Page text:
Carl Martin, Assistant Superin-
tendent of the Anchorage, the
Christian Alcoholic Rehabilitation
Center at Albany, Georgia, will be
the guest speaker at Faith Bible
Church this Sunday evening.
There is help and hope held out
to the alcoholic. If you are inter,
ested in a better understanding of
the problem come and learn of the
Christian approach to alcoholism
that really works.
Mr. Martin can be heard at the
high school auditorium in Port St.
Joe at 7:30 p.m. Sunday evening.


Pep Club to Wash

Cars Saturday
The Pep Club of Port St. Joe
High School will hold a car wash
this Saturday from 9:00 a.m. to 5:00
p.m. at the Centennial Building.
Price 1of the car wash will be
$1.00 per car.
Funds derived from the project
will be used to sponsor the 1963-
64 Homecoming of Port St. Joe
High School.
If you desire to help this group
of young people and need this ser-
vice, call 227-8776. Transportation
will be provided if you need it.

HIGHLAND VIEW FIRE DEPT.
WILL SPONSOR FISH FRY
Highlind View Fire Department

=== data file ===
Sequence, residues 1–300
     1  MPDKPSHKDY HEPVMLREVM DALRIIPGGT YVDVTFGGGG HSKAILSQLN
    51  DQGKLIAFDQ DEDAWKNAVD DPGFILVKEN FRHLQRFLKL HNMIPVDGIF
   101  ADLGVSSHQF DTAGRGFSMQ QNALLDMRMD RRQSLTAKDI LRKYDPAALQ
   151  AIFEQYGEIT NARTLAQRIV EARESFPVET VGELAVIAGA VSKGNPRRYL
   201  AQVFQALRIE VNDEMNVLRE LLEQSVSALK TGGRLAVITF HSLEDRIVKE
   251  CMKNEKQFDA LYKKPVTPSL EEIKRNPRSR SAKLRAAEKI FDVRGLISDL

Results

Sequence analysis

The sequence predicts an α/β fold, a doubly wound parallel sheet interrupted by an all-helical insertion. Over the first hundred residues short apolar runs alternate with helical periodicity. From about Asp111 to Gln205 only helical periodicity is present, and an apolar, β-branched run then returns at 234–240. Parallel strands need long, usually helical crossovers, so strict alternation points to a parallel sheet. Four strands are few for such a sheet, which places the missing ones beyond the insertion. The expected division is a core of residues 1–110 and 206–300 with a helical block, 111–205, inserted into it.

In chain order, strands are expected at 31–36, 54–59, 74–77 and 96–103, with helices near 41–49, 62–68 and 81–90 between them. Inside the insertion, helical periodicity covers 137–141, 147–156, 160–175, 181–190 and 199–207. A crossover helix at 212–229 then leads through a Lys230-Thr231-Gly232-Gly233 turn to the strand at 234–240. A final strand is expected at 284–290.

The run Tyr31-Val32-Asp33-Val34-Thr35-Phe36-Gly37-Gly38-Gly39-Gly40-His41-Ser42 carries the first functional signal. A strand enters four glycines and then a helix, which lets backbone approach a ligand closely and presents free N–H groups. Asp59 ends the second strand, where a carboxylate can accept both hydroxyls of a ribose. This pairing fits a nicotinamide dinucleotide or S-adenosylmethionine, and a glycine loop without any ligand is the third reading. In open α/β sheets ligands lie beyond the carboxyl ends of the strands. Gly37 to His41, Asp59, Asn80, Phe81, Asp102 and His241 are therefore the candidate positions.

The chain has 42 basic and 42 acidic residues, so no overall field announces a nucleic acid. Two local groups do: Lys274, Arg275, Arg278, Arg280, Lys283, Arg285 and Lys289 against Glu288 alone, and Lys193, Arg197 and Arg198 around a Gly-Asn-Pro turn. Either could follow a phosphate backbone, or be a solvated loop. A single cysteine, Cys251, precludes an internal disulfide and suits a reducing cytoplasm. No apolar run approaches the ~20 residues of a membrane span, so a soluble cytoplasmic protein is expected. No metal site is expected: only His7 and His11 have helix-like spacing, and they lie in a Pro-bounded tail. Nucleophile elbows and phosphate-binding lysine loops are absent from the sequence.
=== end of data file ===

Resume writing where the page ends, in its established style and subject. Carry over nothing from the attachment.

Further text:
will sponsor a fish fry all day Sat-
urday, September 28. Plates will
be sold for $1.00 each.
Tickets are now on sale from
any member of the department.
Funds derived from the sale will
be used to purchase supplies for
the new fire department.







USETE N S

USE THE WANT ADS
.+


SHOP AT HOME AND YOU NEEDN'T FEAR. .
YOUR NEIGHBORS ARE YOUR MERCHANTS HERE!
You have chosen this community to live in because you preferred
the calmer, more tranquil life of an area in which you know and are
known by those about you where your grocers and merchants are
your neighbors and friends. When you spend your shopping dollar here
at home, you are casting a vote for our community way of life!

SPONSORED BY YOUR FRIENDLY HOMETOWN NEWSPAPER .


Star


IT'S EASY AND SAFE TO MOVE
THE MAYFLOWER WAYI
Aero Mayflower Transit Company
places a complete nation-wide long.
distance moving service at your
command! Whether your move is